Even with Friday’s stellar jobs report, it may feel like it’s too soon to talk about full employment: America is still 4 million jobs short of where it was pre-pandemic.
- But how close we are has big implications for when the Fed — fresh off a taper announcement — might consider raising interest rates from near zero.
Where it stands: The Fed said last week that full employment is a ways out. Still, a growing chorus of economists says stickier-than-expected inflation may push the central bank to readjust its recovery expectations — and eventually force its hand.
Why it matters: The gloomy outlook for the labor market is suddenly much sunnier, thanks to last month’s hiring surge and hefty upward revisions to job gains in August and September.
- But one thing stayed the same: The labor force participation rate didn’t budge. That measure includes people who don’t have jobs but are actively looking.
For reasons that run the gamut — early retirement, lack of child care, fear of contracting the virus, and more — millions have left the workforce. Neither the economic reopening nor rising wages are goosing workers back in significant numbers.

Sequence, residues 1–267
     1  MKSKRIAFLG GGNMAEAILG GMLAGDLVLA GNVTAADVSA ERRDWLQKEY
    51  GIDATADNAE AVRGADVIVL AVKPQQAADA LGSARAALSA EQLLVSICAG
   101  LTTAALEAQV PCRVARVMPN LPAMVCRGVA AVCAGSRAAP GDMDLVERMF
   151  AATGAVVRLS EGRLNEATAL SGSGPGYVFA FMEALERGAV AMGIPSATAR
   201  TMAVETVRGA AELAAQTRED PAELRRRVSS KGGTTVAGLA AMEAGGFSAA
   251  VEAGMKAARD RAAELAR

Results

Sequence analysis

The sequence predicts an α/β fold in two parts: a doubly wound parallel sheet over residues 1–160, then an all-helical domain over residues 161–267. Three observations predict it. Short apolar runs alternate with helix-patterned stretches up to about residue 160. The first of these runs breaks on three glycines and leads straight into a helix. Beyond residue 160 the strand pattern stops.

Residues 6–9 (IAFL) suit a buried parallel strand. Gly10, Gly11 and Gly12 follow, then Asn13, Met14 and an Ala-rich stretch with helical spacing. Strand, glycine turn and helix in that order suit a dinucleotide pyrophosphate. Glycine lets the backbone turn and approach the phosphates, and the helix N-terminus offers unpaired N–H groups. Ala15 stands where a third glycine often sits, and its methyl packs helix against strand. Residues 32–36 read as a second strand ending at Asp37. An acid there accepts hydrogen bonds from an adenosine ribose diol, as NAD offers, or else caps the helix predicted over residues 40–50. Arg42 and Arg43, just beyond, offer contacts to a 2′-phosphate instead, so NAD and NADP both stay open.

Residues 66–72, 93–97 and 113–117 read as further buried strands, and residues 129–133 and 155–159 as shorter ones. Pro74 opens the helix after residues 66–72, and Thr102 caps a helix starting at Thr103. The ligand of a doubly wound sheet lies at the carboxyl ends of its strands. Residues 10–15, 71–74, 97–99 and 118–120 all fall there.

- The intrigue: “The lack of improvement in [labor force] participation coupled with strong wages may eventually force the Fed to rethink its views on how far away they are from the maximum employment objective,” Bank of America economists wrote in a note on Friday.
Between the lines: What full employment will look like — or when the country will get there — is a blind spot for markets.
- Fed chair Jerome Powell says labor force participation is one of many data points the Fed looks at to suss out maximum employment.
- “Ideally … we would see further development of the labor market in a context where there isn’t another COVID spike. We would see: how does participation react in that sort of post-COVID world,” Powell told reporters last week.
What we’re watching: In recent months, Powell hinted progress for certain ethnic and racial groups, like Black Americans — typically the first to feel the effect of a labor market implosion and the last to reap the benefits of recovery — would also be a factor.
- What they’re saying: The Fed has said they are “focused on fostering a very strong labor market for different demographic groups so that everybody benefits, but strong inflation may limit their ability to be patient on that front,” says Steve Friedman, an economist at MacKay Shields who was a former New York Fed official.